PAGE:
0 191
NE food trucks

MASHPEE, MA - Food trucks have been popular in major cities for years, and are now becoming commonplace at events, festivals, and private functions in Mashpee and throughout Cape Cod.

To protect the public from foodborne illnesses, the Mashpee Board of Health will be considering the adoption of regulations for the licensing of mobile food vendors to be more consistent with the way brick-and-mortar restaurants are permitted.

Mashpee Health Agent Glen E. Harrington has prepared a draft of the regulations for the board to review at its November 6 meeting. Mr. Harrington said that he developed the list of 12 regulations based on experiences with mobile food vendors in Mashpee, as well as after consulting with other health agents in Barnstable County.

The proposed regulations require that operators have mechanical refrigeration for storage of potentially-hazardous foods, have hot and cold running water in three-bay and hand sinks if they are dealing with potentially hazardous foods, and written permission from the landowner where the mobile unit will operate—including confirmation from the Mashpee Zoning Board of Appeals office that mobile food vending is an allowable use in the property. The vendor must also provide the board with the source of drinking and cooking water, and specify on the application the location of sewage disposal for waste tanks.

The vendors must also have restroom facilities available within 200 feet of the mobile unit, and written permission if the restrooms are operated by another business.

In addition, only mobile units that are fully enclosed will be allowed to prepare potentially hazardous food on site at events.

Find the entire article at capenews.net <here>

0 1076
food truck brand marketing

Conventional wisdom says building a strong brand for a food truck requires creating a cool name for your mobile food business, getting the word out about your truck, and enforcing brand message consistency in all of your future customer interactions.

However, conventional wisdom is wrong. Branding doesn’t create, build or strengthen your brand. Your food truck’s brand will always be a reflection of the quality of your menu and service. There are really no exceptions to this rule.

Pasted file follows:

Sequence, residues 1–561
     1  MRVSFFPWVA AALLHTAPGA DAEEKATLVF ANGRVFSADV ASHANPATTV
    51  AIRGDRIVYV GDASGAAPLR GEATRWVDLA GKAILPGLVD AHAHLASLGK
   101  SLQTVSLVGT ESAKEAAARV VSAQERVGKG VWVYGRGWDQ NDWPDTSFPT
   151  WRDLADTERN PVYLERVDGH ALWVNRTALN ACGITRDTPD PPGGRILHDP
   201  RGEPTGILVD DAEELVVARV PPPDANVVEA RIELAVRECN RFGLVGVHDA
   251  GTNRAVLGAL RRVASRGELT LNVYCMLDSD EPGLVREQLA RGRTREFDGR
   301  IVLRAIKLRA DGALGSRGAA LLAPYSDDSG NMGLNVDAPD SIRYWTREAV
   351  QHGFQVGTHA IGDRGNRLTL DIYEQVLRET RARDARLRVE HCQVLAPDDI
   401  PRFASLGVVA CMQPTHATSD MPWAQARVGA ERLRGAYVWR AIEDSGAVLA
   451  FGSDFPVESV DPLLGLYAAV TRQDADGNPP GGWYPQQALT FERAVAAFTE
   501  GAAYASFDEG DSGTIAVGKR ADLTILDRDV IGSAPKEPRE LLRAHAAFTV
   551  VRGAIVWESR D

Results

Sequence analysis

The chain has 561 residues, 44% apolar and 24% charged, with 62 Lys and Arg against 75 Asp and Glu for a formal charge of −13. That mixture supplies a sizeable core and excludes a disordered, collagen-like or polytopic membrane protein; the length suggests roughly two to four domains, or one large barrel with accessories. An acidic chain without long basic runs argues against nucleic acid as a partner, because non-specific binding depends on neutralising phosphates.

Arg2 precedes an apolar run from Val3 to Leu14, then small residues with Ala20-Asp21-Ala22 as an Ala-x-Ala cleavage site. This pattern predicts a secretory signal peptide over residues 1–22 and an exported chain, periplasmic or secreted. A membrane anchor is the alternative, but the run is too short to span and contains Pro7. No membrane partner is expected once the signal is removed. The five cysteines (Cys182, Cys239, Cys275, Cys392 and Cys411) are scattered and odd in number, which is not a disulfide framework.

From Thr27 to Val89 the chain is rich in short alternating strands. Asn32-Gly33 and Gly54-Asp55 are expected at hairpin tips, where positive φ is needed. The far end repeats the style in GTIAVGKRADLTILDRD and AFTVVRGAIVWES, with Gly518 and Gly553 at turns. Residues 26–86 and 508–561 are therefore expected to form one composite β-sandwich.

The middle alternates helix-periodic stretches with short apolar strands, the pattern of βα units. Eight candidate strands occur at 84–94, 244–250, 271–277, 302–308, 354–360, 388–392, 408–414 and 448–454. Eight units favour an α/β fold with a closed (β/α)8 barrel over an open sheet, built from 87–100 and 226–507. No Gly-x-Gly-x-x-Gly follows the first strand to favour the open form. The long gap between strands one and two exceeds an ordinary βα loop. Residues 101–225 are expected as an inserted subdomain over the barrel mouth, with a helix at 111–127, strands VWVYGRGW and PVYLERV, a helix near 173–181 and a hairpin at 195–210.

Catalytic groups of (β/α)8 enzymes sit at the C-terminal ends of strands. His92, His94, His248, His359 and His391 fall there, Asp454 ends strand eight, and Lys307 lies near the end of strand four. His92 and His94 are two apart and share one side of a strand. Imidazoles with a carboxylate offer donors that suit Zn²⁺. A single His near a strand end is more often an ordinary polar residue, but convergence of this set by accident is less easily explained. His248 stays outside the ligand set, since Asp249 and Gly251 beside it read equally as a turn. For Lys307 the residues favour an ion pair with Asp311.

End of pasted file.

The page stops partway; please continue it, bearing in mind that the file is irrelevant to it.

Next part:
To understand why, it’s first necessary to define what is part of a food truck’s  “brand.”  Most people think a brand consists of exterior elements: the truck’s name, it’s logo and the tag line.

To get a general understanding of a brand, think about it in the simplest terms. Take yourself as an example, are you just a combination of skin, clothes, and what you say?

Food Truck Brand Marketing

The essence of food truck brand marketing is not your truck’s exterior elements, but how your customers feel about your menu items and service.

The purpose of the brand elements is not to create those feelings, but to remind customers of them.  If their feelings about your truck are negative, those brand elements simply remind them of how much you dislike the end product being sold from your service window.

The only way to build a strong brand is to create and sell food that delights your customers. If you fail at this basic step, brand marketing is not just a waste of money, but is actively counterproductive to your food truck business since every time someone sees your truck they will be reminded how they disliked the meal or service they last received.

Ultimately, if you want to build a strong food truck brand marketing strategy, put your time and money into creating and selling the best menu items as possible.  Once you have invested in this area use additional brand marketing to help spread the word.

A question to food truck owners: How long did it take for you to find the essence of your food truck brand marketing? We’d love to hear from you. Please feel free to share your thoughts in the comment section section below, Tweet us or share them on our Facebook page.